Dayton: 'Affordable Care Act is no longer affordable'
ST. PAUL—Minnesota's governor says a President Barack Obama inspired health-care law needs work.
"The reality is the Affordable Care Act is no longer affordable for increasing numbers of people," Gov. Mark Dayton said Wednesday, Oct. 12, while encouraging state and federal lawmakers to make changes.
Soaring health insurance costs are a "very serious problem," Dayton told reporters seeking reaction to his administration's recent announcement that individual health insurance policies' premiums will jump 50 percent to 67 percent next year.
Dayton's comments are significant, coming from a Democratic governor who was among Obamacare's biggest supporters. Republicans immediately jumped onto his words.
"Gov. Dayton finally admitted Obamacare and MNsure have failed," Minnesota Republican Chairman Keith Downey said, although Dayton was not critical of MNsure on Wednesday. "I guess it's better late than never, but Minnesota Republicans pointed out these flaws and tried to pass amendments to the legislation when Democrats under single-party rule first passed it without a single Republican vote. And since then, Republicans have repeatedly proposed solutions, but the Democrats shot them all down."
The 2017 insurance rate increases are among the highest in the country, but Dayton said that is because the state's rates were lower when Obamacare began and now they are catching up with other states.
Dayton said he is looking into what Minnesota can do to hold down insurance increases, including whether there is a need to call a special legislative session before the regular session begins Jan. 3. However, Dayton added, he will not start discussions about it with legislative leaders until after the Nov. 8 election.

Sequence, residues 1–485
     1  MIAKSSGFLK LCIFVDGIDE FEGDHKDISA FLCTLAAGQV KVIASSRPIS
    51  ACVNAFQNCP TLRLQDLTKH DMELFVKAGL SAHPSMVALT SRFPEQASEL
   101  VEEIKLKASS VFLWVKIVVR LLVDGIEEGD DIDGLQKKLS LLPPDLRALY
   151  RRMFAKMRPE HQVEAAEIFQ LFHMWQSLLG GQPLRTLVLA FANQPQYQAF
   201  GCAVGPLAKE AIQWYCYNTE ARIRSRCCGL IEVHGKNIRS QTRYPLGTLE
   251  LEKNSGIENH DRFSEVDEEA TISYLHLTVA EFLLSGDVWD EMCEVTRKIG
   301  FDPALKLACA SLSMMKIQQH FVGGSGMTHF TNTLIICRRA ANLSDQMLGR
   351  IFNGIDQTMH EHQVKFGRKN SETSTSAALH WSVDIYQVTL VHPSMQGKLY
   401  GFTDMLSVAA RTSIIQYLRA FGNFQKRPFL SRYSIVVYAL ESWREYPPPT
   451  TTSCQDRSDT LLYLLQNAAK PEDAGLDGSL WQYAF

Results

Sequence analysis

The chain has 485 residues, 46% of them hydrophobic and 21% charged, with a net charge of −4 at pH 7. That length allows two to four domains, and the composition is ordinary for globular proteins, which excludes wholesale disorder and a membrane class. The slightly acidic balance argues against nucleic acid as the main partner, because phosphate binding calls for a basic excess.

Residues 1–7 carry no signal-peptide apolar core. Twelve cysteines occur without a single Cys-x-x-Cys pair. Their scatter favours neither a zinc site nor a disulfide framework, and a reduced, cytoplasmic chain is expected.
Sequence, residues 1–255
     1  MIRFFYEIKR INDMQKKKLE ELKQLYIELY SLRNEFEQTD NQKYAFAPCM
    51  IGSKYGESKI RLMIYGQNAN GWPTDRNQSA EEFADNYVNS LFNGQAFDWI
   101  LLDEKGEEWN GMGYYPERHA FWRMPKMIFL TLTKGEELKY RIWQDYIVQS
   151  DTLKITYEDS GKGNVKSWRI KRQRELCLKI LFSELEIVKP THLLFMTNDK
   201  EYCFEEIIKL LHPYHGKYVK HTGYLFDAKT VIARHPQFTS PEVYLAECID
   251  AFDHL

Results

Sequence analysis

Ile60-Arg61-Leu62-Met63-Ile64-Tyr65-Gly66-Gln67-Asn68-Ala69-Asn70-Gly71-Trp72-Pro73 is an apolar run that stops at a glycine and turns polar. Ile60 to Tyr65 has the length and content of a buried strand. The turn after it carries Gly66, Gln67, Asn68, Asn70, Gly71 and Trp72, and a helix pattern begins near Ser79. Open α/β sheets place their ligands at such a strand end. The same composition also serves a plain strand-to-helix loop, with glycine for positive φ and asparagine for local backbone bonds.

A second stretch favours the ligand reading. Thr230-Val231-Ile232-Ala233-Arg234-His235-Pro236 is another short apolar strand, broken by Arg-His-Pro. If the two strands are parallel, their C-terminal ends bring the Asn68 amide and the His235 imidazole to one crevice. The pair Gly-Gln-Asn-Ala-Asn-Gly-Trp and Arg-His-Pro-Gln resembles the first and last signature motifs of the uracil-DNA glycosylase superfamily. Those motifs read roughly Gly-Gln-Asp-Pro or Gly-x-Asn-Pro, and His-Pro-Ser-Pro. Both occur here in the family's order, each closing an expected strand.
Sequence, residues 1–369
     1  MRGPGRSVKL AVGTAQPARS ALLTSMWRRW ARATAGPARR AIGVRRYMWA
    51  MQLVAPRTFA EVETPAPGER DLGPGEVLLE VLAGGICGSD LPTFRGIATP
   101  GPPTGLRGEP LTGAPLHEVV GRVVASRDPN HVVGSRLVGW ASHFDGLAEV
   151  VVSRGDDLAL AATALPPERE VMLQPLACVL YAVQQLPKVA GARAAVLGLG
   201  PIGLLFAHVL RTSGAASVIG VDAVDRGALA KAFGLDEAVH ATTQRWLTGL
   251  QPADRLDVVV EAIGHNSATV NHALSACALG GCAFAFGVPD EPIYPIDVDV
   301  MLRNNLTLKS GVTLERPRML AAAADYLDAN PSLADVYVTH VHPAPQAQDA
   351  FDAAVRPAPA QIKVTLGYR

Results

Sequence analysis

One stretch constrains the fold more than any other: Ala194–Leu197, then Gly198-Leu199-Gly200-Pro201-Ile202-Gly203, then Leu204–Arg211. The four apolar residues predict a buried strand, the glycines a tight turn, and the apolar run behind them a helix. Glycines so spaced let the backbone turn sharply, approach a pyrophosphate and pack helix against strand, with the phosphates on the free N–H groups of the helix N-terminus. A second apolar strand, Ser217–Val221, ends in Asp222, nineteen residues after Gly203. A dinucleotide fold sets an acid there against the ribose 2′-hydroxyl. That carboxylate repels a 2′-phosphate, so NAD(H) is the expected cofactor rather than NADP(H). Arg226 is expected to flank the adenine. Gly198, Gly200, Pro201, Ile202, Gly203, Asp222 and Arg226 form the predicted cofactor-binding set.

Republicans already have laid out their proposals, including asking the federal government to grant the state exemptions to some of the health care law.
Dayton's Commerce Department commissioner, Mike Rothman, said a week and a half ago that the insurance situation is an emergency and without action there may be no individual policies available for Minnesotans next year.
The issue is over policies sold to people who do not get insurance through their employers or government programs. About 5 percent of Minnesotans buy individual insurance policies.
Dayton and Rothman said the high premiums cannot be blamed on MNsure, the state-operated sales system for individual policies. Republicans disagree.
Both encouraged people who buy individual insurance policies to use MNsure because only the state program offers government aid that can cut premiums. Policies purchased from brokers or directly from insurance companies cannot offer the government-provided breaks.
Dayton said he would like federal officials to offer more aid and to enact new ways to provide funds to insure people with big claims.
Despite the Obamacare problems, the governor said that the health care law has many good features, such as a provision requiring insurance companies provide policies for people with pre-existing conditions.